THE TOBACCO TIMELINE
Author: Gene Borio
IN THE BEGINNING . . .
Huron Indian myth has it that in ancient times, when the land was barren and the people were starving, the Great Spirit sent forth a woman to save humanity. As she traveled over the world, everywhere her right hand touched the soil, there grew potatoes. And everywhere her left hand touched the soil, there grew corn. And when the world was rich and fertile, she sat down and rested. When she arose, there grew tobacco . . .
Copyright 1993-2011 Gene Borio
SOURCES: Thanks to tobacco researcher Larry Breed (LB) for his contributions. He recently found a little tome called "This Smoking World" (1927), and shared some of its events (TSW). I am also beginning to incorporate events referenced in Richard Kluger's monumental Ashes to Ashes (RK), The American Tobacco Story (ATS), Corti's "A History of Smoking (1931), Elizabeth Whelan's A Smoking Gun, and Susan Wagner's Cigarette Country (1971). Another important source is Bill Drake's wonderful The European Experience With Native American Tobacco (BD). Many will be interested in the 1989 Surgeon General report segment, "ADVANCES IN KNOWLEDGE OF THE HEALTH CONSEQUENCES OF SMOKING" (PDF, 93 pp).
Prehistory: In 2010, tobacco was found that dates to the Pleistocene Era 2.5 million years ago. Paleontologists from the Meyer-Honninger Paleontology Museum discovered the small block of fossilised tobacco in the Maranon river basin in northeastern Peru.
Prehistory: As far as human use of tobacco, although small amounts of nicotine may be found in some Old World plants, including belladonna and Nicotiana africana, and nicotine metabolites have been found in human remains and pipes in the Near East and Africa, there is no indication of habitual tobacco use in the Ancient world, on any continent save the Americas.
The sacred origin of tobacco and the first pipe (Schoolcraft)
c. 6000 BCE: Experts believe the tobacco plant, as we know it today, begins growing in the Americas.
c.1 BCE: Experts believe American inhabitants have begun finding ways to use tobacco, including smoking (in a number of variations), chewing and in probably hallucinogenic enemas (by the Peruvian Aguaruna aboriginals).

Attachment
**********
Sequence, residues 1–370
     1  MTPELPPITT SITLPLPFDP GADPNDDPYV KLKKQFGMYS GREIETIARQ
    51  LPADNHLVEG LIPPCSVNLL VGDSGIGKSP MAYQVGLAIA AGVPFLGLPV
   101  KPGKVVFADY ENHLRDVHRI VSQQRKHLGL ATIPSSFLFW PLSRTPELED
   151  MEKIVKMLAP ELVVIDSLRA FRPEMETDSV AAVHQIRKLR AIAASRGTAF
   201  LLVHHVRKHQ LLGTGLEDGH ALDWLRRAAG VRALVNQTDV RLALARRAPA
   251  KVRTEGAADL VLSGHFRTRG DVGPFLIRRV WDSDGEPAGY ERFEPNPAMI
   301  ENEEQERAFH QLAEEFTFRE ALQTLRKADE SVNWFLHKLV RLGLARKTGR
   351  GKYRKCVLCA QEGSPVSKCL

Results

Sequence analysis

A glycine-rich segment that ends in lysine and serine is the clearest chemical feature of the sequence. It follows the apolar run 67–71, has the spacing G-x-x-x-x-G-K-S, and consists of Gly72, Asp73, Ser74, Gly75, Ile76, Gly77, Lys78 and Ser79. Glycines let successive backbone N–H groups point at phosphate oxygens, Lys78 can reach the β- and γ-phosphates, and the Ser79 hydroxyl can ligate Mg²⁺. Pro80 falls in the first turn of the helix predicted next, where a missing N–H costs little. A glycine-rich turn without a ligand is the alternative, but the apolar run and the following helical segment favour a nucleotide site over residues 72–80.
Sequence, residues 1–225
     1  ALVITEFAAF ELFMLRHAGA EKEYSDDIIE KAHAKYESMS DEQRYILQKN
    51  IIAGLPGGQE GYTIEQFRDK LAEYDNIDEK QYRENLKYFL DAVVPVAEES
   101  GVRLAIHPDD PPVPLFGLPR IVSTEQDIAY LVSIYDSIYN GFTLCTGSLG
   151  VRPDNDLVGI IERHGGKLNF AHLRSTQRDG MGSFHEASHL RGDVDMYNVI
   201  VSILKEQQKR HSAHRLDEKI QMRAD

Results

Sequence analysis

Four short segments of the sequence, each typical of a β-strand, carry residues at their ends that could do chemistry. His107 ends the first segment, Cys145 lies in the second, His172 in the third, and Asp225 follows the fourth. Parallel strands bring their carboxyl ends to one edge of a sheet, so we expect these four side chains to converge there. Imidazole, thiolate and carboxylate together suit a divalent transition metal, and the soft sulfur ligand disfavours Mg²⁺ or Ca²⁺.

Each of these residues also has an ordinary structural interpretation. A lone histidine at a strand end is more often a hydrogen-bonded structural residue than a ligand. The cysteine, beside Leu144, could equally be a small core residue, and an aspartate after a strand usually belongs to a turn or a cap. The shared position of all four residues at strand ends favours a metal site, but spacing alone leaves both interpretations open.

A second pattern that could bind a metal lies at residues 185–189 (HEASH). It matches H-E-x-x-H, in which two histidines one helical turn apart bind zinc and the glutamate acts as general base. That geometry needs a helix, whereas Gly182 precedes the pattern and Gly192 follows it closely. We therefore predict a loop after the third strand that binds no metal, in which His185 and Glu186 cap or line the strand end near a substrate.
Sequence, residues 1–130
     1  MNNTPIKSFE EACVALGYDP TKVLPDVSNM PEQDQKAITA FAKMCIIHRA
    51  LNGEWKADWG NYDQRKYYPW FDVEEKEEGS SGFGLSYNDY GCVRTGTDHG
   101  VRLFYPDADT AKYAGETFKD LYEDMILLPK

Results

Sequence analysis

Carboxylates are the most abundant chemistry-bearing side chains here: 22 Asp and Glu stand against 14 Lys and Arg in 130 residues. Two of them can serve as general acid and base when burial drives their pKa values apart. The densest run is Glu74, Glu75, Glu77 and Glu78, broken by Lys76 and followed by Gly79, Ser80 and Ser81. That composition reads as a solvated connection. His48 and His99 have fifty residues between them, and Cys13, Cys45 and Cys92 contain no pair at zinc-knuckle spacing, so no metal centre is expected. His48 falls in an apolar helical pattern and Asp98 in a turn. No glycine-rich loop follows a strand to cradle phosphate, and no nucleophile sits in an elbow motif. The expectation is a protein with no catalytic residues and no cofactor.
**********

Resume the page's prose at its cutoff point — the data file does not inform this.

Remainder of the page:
c. 1 CE: Tobacco was "nearly everywhere" in the Americas. (American Heritage Book of Indians, p.41).
470-630 CE: Between 470 and 630 A.D. the Mayas began to scatter, some moving as far as the Mississippi Valley. The Toltecs, who created the mighty Aztec Empire, borrowed the smoking custom from the Mayas who remained behind. Two castes of smokers emerged among them. Those in the Court of Montezuma, who mingled tobacco with the resin of other leaves and smoked pipes with great ceremony after their evening meal; and the lesser Indians, who rolled tobacco leaves together to form a crude cigar. The Mayas who settled in the Mississippi Valley spread their custom to the neighboring tribes. The latter adapted tobacco smoking to their own religion, believing that their god, the almighty Manitou, revealed himself in the rising smoke. And, as in Central America, a complex system of religious and political rites was developed around tobacco. (Imperial Tobacco Canada, Tobacco History)
600-1000 CE: UAXACTUN, GUATEMALA. First pictorial record of smoking: A pottery vessel found here dates from before the 11th century. On it a Maya is depicted smoking a roll of tobacco leaves tied with a string. The Mayan term for smoking was sik'ar
The Chiapas Gift, or The Indians' Revenge?
Columbus' sailors find Arawak and Taino Indians smoking tobacco. Some take up the habit and begin to spread it worldwide.